Aug. 1, 2013 at 11:11 AM ET
Getting people on and off an airplane quickly is so complicated that even an astrophysicist couldn't figure it out.
Jason Steffen, a research fellow at Northwestern University, normally contemplates things such as axion-like particles. But after waiting in one boarding line too many, he turned to the mysteries of airline seating.
"I thought there had to be a better way," he says.
So, after a series of calculations, he deduced that the best system would be a combination of filling all the window seats first, then all the middle ones and then the aisle ones, while also having the passengers board every other row.
There was just one problem — passengers would have to board in precise order. Good luck with that. These are the same passengers who don't turn off their phones even after they're told it's a federal law.
"Well," Steffen observes, "I understand why airline people aren't calling me."
But the search for the perfect boarding process goes on.
In recent weeks, United and American — the nation's biggest and third-biggest carriers — have rolled out new strategies for faster boarding.
— American is letting passengers board sooner if they don't put anything in the overhead bins. The idea is to get more people seated quickly before passengers with rolling bags clog the aisle.
— United reduced the number of boarding groups from seven to five while adding lanes in gate areas — from two to five at big airports. That's designed to eliminate "gate lice" — the name road warriors use for those anxious passengers with big carry-ons who cause a traffic jam by creeping forward long before their group is called.
American and United tested their new procedures in a handful of airports before rolling them out across the country in time for the peak summer travel season. United CEO Jeff Smisek says his airline's new method has helped cut departure delays related to boarding by more than 60 percent.
The back-to-front system, still used by many airlines, seems logical. But some studies have shown that it's slower than windows-middle-aisle.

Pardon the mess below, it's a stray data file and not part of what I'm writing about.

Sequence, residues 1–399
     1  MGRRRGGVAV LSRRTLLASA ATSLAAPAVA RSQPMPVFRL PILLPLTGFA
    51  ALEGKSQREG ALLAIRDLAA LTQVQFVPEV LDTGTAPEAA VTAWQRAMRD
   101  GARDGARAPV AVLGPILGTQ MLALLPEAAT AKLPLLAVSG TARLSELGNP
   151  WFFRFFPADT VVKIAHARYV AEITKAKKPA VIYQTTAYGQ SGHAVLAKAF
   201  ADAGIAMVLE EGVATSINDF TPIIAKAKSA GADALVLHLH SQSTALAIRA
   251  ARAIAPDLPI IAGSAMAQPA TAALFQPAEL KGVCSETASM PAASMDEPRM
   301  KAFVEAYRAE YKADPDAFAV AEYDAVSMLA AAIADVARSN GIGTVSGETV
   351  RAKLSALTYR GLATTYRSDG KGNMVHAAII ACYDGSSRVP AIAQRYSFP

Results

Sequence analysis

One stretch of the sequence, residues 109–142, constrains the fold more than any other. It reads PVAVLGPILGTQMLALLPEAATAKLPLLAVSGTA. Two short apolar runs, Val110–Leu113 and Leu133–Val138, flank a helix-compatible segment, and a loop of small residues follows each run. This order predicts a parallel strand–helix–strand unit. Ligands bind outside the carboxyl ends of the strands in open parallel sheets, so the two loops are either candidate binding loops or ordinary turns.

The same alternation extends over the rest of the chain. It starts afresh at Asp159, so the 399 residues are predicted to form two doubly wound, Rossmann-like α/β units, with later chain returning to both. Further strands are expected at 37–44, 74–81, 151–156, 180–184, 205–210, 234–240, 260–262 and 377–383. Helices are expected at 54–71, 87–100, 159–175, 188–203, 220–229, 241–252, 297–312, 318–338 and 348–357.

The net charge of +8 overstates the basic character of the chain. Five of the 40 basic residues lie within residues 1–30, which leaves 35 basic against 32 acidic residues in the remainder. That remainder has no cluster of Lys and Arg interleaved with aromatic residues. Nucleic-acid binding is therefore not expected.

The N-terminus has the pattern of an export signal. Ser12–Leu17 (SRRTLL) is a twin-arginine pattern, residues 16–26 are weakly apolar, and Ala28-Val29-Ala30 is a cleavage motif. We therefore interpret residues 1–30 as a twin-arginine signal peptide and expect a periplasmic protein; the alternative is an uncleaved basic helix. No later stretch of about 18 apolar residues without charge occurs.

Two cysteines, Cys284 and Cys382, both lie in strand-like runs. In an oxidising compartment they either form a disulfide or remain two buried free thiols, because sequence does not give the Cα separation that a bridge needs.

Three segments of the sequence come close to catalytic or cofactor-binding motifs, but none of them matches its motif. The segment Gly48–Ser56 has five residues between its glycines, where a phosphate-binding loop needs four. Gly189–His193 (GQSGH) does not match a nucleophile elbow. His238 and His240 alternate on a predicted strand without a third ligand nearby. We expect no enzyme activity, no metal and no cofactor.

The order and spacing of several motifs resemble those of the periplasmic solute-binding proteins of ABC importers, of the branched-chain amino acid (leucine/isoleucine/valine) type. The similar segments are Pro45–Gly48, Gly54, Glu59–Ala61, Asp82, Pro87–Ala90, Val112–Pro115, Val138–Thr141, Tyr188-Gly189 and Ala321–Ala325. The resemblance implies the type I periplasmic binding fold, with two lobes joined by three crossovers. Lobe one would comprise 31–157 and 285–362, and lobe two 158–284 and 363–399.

"If you're on the aisle and somebody sitting next to you in the middle seat shows up, you need to unbuckle and maybe get up," says Ken Bostock, United's managing director of customer experience. "That can take 20, 25 seconds, and that happens a lot during the boarding process."
Lou Agudo, a United gate agent who worked at Continental before the merger, says boarding by groups of rows practically invited confusion. Just when he thought everyone in Group 2 — the rear of the plane — had gone through, and he called Group 3 to start, "Twenty people would walk up and say they didn't hear the announcement." Some had missed the call for their group, while others decided to get in line no matter what, he says. The extra lanes have made his job easier.
Anything to tidy up the gate area will help, in the view of Yosief Ghirmai, an auditor for defense contractor Raytheon Co. in Frisco, Texas, who says foreign airlines make boarding much easier for elite-level frequent fliers like himself.
"The international airlines respect the priority boarding system," Ghirmai says, citing Hong Kong's Cathay Pacific as an example. "Here, you have to fight to get to the priority boarding line — all the bags, all the kids. The concept (in the U.S.) is the same, but the execution is much better over there."
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